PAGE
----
But there’s one fear that can end this dispute in the blink of an eye and it’s something I touched on when I responded to my friend’s question six months ago: The fear of losing money.

The NFL Network’s Albert Breer just wrote a solid piece about how the time for both sides to negotiate is now. That’s because keeping the lockout in place past August 1 will cost the NFL $350 million according to Breer. That number would escalate to $1 billion if the league cancels the preseason.

Nobody wants to lose money and as Breer points out, the two sides are now entering a crucial 30-day window. The owners and players can talk about what’s fair and unjust all they want but when you start throwing around real number losses, that’s when things start to get interesting. That’s when the true panic will set in and maybe then and only then will both sides finally start to get serious.

I don’t pretend to know even a fraction about what’s going on with the lockout. Labor disputes are nasty business and I feel like I should have a law degree to talk about what’s going on in the courts. But I’m old enough to know the effect money can have on our society and I know nobody likes pissing it away. If Breer’s numbers are correct, then I wouldn’t be surprised if a new CBA deal is done by the first of August.

But maybe that’s just more false hope creeping in.

Could there be a CBA in place by the time of the NFL draft?

David Boies, attorney for the National Football League, speaks to the media after attending a federal court hearing regarding labor negotiations between the NFL and the NFL Players Association in St. Paul, April 6, 2011. Right of Boies is attorney Gregg Levy. REUTERS/Eric Miller (UNITED STATES – Tags: SPORT FOOTBALL CRIME LAW BUSINESS)

Football fans have been waiting weeks for positive news to come out of the NFL labor dispute for weeks and finally, we may have a little.

The NFL Network’s Albert Breer is reporting that the CBA discussions between the owners and players are “serious,” even though the two sides will not talk over the weekend. Apparently progress is being made under mediator Judge Arthur Boylan and a new Collective Bargaining Agreement may be struck before or just after this month’s draft.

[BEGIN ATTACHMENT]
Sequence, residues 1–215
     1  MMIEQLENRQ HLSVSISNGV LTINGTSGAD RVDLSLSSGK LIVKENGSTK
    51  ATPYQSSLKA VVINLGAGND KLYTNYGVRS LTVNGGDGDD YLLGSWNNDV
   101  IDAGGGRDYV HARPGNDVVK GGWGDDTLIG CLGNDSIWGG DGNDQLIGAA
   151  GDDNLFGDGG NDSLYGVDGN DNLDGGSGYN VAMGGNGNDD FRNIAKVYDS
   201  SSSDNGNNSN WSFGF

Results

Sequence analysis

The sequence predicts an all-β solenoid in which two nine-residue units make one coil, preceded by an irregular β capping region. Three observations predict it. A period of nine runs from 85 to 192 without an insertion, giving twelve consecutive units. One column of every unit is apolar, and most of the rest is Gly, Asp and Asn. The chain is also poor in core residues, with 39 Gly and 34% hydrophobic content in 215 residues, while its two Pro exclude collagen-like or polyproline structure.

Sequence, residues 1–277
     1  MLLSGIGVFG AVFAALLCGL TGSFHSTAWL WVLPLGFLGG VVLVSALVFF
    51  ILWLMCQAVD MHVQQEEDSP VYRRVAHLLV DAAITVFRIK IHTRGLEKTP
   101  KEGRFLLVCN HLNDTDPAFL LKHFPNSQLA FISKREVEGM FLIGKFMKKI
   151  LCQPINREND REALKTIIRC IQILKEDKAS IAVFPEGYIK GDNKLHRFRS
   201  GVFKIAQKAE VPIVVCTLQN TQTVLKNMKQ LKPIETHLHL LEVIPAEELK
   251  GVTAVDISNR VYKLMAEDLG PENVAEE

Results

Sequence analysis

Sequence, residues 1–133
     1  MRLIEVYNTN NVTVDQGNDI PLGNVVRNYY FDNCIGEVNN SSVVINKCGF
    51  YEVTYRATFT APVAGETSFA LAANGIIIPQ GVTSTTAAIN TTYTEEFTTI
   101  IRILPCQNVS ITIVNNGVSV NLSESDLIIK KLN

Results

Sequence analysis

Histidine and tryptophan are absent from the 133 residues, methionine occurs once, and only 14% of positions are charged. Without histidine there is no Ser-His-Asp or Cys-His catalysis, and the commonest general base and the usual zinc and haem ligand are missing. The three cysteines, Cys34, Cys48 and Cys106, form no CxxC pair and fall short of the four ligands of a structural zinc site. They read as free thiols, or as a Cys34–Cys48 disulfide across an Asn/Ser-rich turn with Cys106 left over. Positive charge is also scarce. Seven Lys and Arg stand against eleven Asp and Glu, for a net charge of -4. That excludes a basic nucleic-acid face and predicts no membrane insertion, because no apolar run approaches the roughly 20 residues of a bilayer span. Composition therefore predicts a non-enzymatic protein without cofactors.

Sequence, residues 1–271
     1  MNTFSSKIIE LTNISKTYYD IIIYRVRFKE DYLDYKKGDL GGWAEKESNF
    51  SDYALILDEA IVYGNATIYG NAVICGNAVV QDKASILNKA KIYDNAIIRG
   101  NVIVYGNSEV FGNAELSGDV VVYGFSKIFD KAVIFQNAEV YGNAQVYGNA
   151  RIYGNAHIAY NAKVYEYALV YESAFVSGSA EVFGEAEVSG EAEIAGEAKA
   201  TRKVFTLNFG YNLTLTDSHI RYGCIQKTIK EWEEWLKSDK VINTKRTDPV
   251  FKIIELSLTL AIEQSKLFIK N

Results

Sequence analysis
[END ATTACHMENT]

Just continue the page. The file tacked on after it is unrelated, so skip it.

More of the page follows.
Of course, fans have gotten their hopes up before only to see them dashed. Back when the previous CBA was still in place, the two sides agreed to an extension and some thought that meant the owners and players were serious about agreeing on a new deal. But it wasn’t meant to be and a week later, the lockout began.

At this point, all we can do is hope that progress is actually being made. Nobody outside of the players and owners themselves truly know what’s going on behind closed doors, so maybe a deal will be struck within the next two weeks. Considering the issues at hand, I find it hard to believe that the two sides are any closer now than they were a month ago, and it’s rather disappointing that the players and owners won’t continue talks over the weekend. But at least they’re in mediation and talking. It’s certainly better than the alternative (i.e. leaving everything in the hands of the court system).

Pennington’s injury should come as a warning to players who don’t have insurance

Miami Dolphins quarterback Chad Pennington passes under pressure by San Diego Chargers linebacker Shaun Phillips during the first half of their NFL football game in San Diego, California September 27, 2009. REUTERS/Mike Blake (UNITED STATES SPORT FOOTBALL)

ESPN’s Chris Mortensen is reporting that Chad Pennington will need surgery after tearing his ACL in a pickup basketball on Thursday. Pennington, who is now a shoe-in to win the I’m the Unluckiest Bastard in the World award yet again this year, can probably put to rest any thoughts of another NFL comeback.

Now, if this were 2002 or even 2008, Pennington tearing his knee would be big news on its own. But with apologies to the Pennington family, it’s not now. The big news here is that a player just got seriously hurt during the lockout and for those in need of a reminder, the NFL stopped the players’ insurance the moment they locked them out.

Pennington seems like he’s on top of things so I would image he sought the advice of his union when it told him to make sure that he has insurance during the lockout. But there are 1,700-plus players in the NFL – what’s the chances that all 1,700-plus players acted swiftly and made sure they were covered as well? Don’t forget, we’re talking about 23, 24, 25-year-old kids here that think they’re invincible. How many of them are rolling the dice right now thinking they don’t have to have insurance, or who have put the task off hoping the lockout will end soon?

Maybe Pennington’s injury will serve as a wake up call for those that ignored the union’s letters and e-mails about attaining insurance. Freak injuries happen all the time and you know Pennington isn’t the only athlete playing pickup basketball, or hiking, or skiing, or whatever this offseason.

And thinking on an even grander scale, maybe Pennington’s injury will encourage the NFLPA to get back to the bargaining table and put an end to this CBA mess so that the NFL can start providing players with insurance again.